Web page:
Light from the Cardassian sun streamed through the window, illuminating the large black workstation set in the center of the room. Garak sat at the desk with his chair swivelled to face the garden window. His eyes were screwed shut and he breathed deeply, counting slowly to ten.

The day was only a few hours old, and already it was too far from over. Garak's eyes opened when the computer chimed to signal a message incoming, one that no doubt required his immediate attention. Garak pinched the bridge of his nose and leaned back in his chair, swerving back to face his desk.

"Yes?" Garak queried. The computer chimed again, and the screen flashed with the stamp of the Federation.

"Ah, yes," Garak spoke aloud; he felt his expression warming at the intrusion.

Garak engaged communications, and the screen flickered to show Doctor Julian Bashir. Garak's smile grew wider as he took in the image of his friend; seeing the doctor's face was like having a drink of water after being parched for a long time.

"Garak," Bashir said by way of a greeting. He, too, was smiling.

"Hello, my good doctor," Garak commented. Julian's smile became lopsided, a throwback to his seemingly ever-present youth.

"How have you been?" Julian questioned.

Garak sighed.

"I have been well, Doctor. Though I will admit, rebuilding efforts can become quite taxing at times," Garak said. When the devil admits he's tired, you know it's been a long set of days. "And how have you been faring?"

"I've been well, just working on my research, mostly. Starfleet Medical became very interested in a few of my theories lately, so I've been given a bit more leeway with my staff." Julian leaned closer, and the light of passion was bright in his eyes. "I hope to make a breakthrough in just a few weeks, if things hold up."

"Why, that's wonderful news, indeed," Garak replied.

Julian continued on to explain a bit about the nature of his research, the flora and fauna that inspired him, and so on. Garak listened and filed and the gears of his brain definitely kept any information gleaned ready for retrieval; however, if someone had pressed Garak at that moment, he surely wasn't completely present in that conversation.

After a while, Julian had more or less explained the gist of what he was excited about, and the conversation took another turn.

"Ezri and I have been talking," Julian mentioned.

'Here it is,' Garak thought to himself.

Aloud, he asked, "And how is our dear friend Dax doing?"

"She's doing well, quite well," Julian replied with a nod and a small grin. "In fact, she and I are getting married."

There it was. Garak felt his face freeze in a smile, warmth shining from his face while his heart was gripped with a chill.

"Why, congratulations, Doctor!" Garak's voice was charming and glad, a careful enactment of practice and precision. His thoughts were...stuck.

Julian smiled a little more truly now; he had been a bit leery of what Garak's reaction would be. Though Bashir was nearly certain that Garak was using cheeriness as a facade for something (after all, the doctor had discovered over the years that Garak's cheer was seldom other than a facade), Julian was content to take his friend at face value for now.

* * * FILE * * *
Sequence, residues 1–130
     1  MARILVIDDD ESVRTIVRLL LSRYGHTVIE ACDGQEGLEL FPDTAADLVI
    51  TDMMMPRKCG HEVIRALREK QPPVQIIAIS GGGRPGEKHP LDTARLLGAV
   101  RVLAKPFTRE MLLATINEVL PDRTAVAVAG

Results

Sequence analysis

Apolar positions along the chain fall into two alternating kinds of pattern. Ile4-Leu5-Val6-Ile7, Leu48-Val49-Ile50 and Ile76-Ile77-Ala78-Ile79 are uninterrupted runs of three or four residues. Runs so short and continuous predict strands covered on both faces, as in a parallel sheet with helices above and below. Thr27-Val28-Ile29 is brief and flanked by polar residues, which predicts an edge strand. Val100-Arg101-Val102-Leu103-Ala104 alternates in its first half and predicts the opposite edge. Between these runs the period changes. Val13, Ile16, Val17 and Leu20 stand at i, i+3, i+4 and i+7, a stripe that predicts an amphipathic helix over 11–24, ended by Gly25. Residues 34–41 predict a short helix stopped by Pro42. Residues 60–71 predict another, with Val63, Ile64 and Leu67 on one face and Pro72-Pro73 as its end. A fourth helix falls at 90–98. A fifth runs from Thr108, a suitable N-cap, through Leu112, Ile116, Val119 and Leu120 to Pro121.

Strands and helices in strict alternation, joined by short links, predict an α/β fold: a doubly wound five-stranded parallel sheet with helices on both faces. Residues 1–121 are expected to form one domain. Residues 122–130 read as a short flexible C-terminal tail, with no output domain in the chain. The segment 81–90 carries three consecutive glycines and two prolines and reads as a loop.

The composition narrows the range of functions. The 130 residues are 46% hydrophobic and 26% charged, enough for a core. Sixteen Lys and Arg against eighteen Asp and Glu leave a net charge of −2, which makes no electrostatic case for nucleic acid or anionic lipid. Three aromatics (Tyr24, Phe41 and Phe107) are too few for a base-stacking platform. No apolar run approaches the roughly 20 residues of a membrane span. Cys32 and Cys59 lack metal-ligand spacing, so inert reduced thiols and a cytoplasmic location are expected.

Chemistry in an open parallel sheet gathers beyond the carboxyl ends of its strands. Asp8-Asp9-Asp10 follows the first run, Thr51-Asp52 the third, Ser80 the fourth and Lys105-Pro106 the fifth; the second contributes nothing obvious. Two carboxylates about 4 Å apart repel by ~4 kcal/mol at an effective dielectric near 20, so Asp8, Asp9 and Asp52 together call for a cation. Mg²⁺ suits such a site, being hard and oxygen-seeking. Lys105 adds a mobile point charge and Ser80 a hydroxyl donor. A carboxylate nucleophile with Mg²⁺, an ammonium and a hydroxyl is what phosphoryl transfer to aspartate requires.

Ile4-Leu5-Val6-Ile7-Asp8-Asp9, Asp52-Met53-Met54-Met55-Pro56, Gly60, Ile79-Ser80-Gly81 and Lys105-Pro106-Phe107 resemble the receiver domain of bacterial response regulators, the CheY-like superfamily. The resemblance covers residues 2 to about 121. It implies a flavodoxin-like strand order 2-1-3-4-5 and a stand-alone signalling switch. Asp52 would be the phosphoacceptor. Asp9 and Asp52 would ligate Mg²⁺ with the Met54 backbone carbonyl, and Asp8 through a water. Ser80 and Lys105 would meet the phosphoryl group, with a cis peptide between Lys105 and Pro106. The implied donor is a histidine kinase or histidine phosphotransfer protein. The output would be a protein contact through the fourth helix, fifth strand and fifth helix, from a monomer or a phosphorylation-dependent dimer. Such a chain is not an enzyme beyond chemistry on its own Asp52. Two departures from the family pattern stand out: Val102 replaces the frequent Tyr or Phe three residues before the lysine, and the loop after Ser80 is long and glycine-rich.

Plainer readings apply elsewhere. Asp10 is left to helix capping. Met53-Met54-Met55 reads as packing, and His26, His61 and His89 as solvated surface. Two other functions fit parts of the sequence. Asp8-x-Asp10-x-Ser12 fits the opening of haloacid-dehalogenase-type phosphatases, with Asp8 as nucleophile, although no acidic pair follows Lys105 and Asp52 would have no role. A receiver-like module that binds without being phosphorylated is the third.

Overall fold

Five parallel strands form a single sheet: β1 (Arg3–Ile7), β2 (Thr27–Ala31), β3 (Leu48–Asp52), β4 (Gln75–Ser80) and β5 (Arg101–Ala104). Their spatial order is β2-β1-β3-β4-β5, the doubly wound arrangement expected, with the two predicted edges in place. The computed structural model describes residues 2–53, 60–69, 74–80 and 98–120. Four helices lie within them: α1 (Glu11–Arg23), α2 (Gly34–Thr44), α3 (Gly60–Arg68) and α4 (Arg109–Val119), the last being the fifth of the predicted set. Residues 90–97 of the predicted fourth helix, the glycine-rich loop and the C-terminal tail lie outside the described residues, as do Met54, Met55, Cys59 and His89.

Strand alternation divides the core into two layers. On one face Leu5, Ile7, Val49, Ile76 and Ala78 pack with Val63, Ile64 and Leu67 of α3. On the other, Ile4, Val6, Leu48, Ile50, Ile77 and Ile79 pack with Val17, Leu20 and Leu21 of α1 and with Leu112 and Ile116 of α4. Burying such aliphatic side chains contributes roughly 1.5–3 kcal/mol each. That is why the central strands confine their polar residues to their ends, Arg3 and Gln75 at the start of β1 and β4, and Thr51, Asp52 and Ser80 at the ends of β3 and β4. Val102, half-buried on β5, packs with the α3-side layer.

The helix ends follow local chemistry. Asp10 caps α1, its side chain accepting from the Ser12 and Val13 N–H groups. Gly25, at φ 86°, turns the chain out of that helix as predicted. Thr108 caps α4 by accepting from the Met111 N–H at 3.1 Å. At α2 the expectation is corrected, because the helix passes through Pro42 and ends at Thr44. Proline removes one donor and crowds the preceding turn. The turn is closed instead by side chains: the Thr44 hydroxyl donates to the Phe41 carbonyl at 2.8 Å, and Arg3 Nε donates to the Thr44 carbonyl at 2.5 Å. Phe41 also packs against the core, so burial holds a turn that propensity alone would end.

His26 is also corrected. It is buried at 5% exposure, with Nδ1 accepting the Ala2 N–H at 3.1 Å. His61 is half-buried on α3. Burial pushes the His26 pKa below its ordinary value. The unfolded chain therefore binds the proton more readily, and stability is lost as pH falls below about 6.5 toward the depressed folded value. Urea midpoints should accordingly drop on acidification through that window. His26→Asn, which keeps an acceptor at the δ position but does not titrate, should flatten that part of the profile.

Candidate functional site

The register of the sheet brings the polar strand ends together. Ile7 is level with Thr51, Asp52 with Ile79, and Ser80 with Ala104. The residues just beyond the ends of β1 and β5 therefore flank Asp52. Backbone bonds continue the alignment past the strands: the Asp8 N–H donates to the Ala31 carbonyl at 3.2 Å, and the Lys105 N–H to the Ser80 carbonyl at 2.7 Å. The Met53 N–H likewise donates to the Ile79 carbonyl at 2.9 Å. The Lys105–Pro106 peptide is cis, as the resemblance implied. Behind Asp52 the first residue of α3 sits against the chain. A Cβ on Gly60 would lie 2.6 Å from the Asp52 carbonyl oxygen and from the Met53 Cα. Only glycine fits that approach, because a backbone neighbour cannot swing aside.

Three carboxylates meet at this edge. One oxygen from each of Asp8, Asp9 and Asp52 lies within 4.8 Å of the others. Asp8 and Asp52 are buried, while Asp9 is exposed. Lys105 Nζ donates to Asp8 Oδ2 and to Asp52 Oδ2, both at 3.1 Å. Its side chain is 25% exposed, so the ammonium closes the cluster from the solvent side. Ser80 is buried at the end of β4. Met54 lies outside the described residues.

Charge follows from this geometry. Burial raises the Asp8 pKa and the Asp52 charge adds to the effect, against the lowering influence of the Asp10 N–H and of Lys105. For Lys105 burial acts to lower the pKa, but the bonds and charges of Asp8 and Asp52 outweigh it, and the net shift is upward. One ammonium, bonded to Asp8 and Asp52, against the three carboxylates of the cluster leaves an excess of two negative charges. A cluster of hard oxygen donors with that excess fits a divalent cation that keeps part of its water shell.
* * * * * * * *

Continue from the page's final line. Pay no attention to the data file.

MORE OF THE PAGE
"Will you be able to attend?" Julian asked-Garak nearly chuckled, even as he wanted to knock everything on the desk to the floor. Such an innocent happiness was in the doctor's eyes, coupled with such a blindness to the wound he'd created.

"I will take care to clear my schedule for the entire week," Garak promised. "When is the ceremony to take place?"

Garak and Julian spoke a while longer, of dates and plans, of shuttles and long trips ahead.

When he sensed the conversation was nearing its end, Garak inclined his head gracefully.

"Julian?" He spoke the name softly, musically. He made it a question and a statement; Bashir could count on one hand the number of times he'd heard Garak use his first name.

"Yes, Elim?" Familiarity was met with familiarity.

Garak placed his hand directly on the view screen, fingers splayed. Julian's eyebrows winged up in shock before he mirrored the gesture; it was an old Cardassian greeting, torn in two by the distance between them and mended by modern technology.

"Thank you," Garak replied. He let his gaze and his hand drop; true familiarity was so uncomfortable for Garak that even this pallid gesture was monumental, though it only showed a fraction of the depth of Garak's emotions.

"Garak." Julian's tone was the one you didn't argue with; the tone where his cheer and verve dissappeared under the weight of his words.

Garak looked up. Julian's eyes were sincere and piercing.

"Thank you," Julian said plainly. "You've of the best friends I've ever had."

Garak acknowledged this with a deep nod; they both silently ignored the question between them that forever would go unanswered.

"Well, then, if that is quite all, Doctor, I have matters here that need to be seen to," Garak spoke into the vortex of emotions between them. His tone was bright, unsuited to the moment.

"Yes, that's all," Julian uttered. He seemed defeated in some way, though he did manage to muster a smile. "Goodbye, Garak."

"Goodbye, my good doctor," Garak said. He nodded a final time and ended the communication.

Garak leaned back once more in his chair and took in the room around him.

Nothing was out of place; every padd and every file was meticulously organized. Garak wanted to send everything into chaos.

Julian was...getting married.

Garak put his face into his hands and sighed.

"It's just as well, you know," he coached himself aloud. "Sentiment is one of life's greatest weaknesses."

"But sentiment can also be a source of strength," a voice replied from the otherwise empty room.

Shock pushed Garak straight to his feet, his eyes quickly drinking in his surroundings.

"Why, hello," Garak called out into the room. His voice dripped with lush welcome, belying his dangerous intentions. He slipped his hand into his desk, retrieving a phaser.